Cooked maragato. León is a strong gastronomic ground. In addition to shortbread and cured, León is widely known for exquisite delicacies such as the maragato stew. The legend says that going to war in León didn´t allow them to finish cooking the stew, but in order to prevent fighting with just a soup in the stomach, they inverted the order of the plates, first the meat then the soups.
Legends aside, the cooked maragato takes time to digest. They are 4 plates. The first consists of ten pieces of meat, the second consists of chickpeas and vegetables, the third of a noodle soup and the fourth of another soup. The cooked maragato is so demanding in the stomach as tasty to the palate.
Routes with charm. Beyond the capital, the province of León offers the possibility to perform various routes passing through small towns and villages filled with a typically Castilian charm.
León has villages such as Peñalba of Santiago, San Pedro de Montes, Castrillo de los Polvazares, Villafranca del Bierzo, Grajal Molinaseca Field that have interesting historical traditions and monuments. Also there is the possibility of making routes in León routes that combine nature, landscape and beautiful places. The best known are those of Cares, the Silent Valley and the route by La Cabrera.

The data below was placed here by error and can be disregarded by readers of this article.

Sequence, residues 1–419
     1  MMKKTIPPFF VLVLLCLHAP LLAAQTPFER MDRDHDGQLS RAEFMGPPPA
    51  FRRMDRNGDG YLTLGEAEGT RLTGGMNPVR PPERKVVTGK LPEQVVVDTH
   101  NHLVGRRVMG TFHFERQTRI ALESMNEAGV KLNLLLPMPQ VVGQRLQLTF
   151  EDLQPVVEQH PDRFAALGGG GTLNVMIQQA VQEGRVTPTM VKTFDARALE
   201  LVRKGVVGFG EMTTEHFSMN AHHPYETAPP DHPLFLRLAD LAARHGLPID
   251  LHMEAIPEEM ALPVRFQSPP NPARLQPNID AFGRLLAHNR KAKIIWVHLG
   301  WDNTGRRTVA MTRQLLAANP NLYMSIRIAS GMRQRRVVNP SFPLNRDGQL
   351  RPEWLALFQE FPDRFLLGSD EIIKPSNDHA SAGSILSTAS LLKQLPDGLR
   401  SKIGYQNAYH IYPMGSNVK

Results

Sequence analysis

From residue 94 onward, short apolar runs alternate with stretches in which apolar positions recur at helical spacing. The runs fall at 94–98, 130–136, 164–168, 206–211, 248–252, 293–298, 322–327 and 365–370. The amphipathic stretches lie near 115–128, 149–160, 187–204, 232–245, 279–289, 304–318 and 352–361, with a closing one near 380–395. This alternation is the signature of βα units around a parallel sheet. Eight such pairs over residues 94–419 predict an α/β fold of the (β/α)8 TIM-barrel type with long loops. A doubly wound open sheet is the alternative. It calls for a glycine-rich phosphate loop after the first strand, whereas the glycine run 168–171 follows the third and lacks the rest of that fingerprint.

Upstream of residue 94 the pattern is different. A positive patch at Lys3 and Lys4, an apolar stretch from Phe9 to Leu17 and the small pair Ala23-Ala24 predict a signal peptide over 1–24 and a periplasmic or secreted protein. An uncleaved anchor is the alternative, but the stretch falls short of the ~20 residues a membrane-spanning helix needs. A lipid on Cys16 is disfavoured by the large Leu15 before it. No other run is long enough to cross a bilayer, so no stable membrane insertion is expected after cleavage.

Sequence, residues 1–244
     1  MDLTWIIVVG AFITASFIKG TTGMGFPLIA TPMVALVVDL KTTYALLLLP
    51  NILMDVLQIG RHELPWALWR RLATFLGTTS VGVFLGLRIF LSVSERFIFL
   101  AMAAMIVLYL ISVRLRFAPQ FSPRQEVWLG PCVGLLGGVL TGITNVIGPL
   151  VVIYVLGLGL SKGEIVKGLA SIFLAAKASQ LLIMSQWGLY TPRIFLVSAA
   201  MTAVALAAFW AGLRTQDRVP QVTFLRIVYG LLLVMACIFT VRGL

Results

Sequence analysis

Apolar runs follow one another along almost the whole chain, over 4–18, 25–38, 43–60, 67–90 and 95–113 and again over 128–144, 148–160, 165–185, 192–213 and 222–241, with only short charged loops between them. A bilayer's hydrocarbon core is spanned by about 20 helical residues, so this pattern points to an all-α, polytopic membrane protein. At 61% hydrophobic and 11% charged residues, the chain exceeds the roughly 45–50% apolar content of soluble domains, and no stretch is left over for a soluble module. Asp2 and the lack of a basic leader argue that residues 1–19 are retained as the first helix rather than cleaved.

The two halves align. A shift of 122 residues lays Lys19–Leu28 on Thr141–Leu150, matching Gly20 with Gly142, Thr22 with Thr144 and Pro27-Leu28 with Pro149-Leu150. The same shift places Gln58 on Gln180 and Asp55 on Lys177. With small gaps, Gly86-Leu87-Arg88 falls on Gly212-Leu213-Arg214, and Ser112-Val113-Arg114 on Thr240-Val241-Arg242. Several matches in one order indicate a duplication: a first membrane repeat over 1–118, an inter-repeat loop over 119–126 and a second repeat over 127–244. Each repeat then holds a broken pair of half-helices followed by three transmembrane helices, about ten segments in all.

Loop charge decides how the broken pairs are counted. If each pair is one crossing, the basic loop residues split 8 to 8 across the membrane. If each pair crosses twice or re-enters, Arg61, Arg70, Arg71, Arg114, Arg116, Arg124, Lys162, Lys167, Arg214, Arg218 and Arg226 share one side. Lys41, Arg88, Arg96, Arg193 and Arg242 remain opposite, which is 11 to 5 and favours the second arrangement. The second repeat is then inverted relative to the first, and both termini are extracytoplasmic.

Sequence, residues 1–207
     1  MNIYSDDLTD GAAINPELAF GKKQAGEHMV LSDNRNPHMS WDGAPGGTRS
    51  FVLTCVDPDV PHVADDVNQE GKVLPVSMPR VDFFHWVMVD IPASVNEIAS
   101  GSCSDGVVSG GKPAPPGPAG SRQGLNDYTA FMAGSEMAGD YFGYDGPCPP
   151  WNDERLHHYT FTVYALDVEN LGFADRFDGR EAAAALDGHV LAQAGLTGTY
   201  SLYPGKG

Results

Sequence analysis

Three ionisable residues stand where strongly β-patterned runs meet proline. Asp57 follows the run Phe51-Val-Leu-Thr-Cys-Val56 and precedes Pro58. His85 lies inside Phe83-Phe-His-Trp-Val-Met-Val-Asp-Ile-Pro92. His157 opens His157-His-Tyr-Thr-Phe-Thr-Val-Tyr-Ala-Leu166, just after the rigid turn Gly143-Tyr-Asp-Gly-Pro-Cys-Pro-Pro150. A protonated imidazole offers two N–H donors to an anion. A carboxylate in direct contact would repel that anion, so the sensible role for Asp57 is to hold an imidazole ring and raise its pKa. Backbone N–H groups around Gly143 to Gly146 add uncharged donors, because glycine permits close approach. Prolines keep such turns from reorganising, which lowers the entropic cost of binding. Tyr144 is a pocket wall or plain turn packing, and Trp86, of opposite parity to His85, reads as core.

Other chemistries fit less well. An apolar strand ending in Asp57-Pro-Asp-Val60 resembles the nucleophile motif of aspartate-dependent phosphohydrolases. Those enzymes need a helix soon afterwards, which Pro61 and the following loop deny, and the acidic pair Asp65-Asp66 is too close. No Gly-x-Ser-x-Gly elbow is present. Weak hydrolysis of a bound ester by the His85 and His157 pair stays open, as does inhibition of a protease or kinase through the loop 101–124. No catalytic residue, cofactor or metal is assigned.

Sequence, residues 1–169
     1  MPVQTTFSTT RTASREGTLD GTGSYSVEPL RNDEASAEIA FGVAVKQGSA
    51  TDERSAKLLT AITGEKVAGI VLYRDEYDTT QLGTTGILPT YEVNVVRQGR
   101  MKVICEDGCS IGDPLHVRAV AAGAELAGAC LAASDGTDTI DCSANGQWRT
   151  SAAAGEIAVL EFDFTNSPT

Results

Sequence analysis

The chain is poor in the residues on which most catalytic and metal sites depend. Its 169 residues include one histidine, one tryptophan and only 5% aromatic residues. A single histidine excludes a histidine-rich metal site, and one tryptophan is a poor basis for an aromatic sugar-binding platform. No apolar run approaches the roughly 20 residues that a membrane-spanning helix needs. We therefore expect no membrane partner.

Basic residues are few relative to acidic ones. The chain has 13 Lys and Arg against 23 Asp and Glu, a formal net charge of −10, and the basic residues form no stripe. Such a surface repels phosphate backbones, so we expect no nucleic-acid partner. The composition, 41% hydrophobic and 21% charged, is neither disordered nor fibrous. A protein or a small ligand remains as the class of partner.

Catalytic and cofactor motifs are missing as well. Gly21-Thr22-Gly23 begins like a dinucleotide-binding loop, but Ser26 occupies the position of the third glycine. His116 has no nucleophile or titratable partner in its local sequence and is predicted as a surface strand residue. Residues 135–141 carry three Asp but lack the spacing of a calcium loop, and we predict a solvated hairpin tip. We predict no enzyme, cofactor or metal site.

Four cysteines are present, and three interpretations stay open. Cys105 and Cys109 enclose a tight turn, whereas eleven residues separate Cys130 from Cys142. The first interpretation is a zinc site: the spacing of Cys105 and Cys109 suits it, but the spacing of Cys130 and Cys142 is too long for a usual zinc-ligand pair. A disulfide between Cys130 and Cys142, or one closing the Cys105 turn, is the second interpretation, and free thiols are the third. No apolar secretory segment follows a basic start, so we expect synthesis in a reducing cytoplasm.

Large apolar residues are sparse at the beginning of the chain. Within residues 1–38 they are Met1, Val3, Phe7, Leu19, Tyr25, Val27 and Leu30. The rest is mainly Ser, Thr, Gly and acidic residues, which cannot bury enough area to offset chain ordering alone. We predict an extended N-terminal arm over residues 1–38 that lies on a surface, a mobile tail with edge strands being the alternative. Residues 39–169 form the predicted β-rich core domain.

Holy Week in León. The festivity is declared as of International Tourist Interest and it is the main holiday in the calendar of León. The religiosity of the sixteen fraternities is lived in the steps and processions that take place throughout the main streets of León between samples of solemn meditation and faith.
Parallel to the religious celebration, on the Holy Thursday the pagan celebration of Saint Genarín also takes place. The drunken saint of the Leonese revives the procession which recalls Genaro Leon Blanco, who rises the morning of Holy Thursday between drinks and wine trails.
Gaudí in León. The stunning modernist trail of Antonio Gaudí can be traced in León in the two majestic works the great Catalan artist bequeathed to the province: the Botines House and the Episcopal Palace of Astorga.
The Botines House is known for its gothic air, resolutely modernist, with works of masonry and towers in the interior that distribute spaces in an innovative way. The Episcopal Palace of Astorga gathers the neo-Gothicism with medieval forms to shape a building that seems to be a work out of a fairy tale.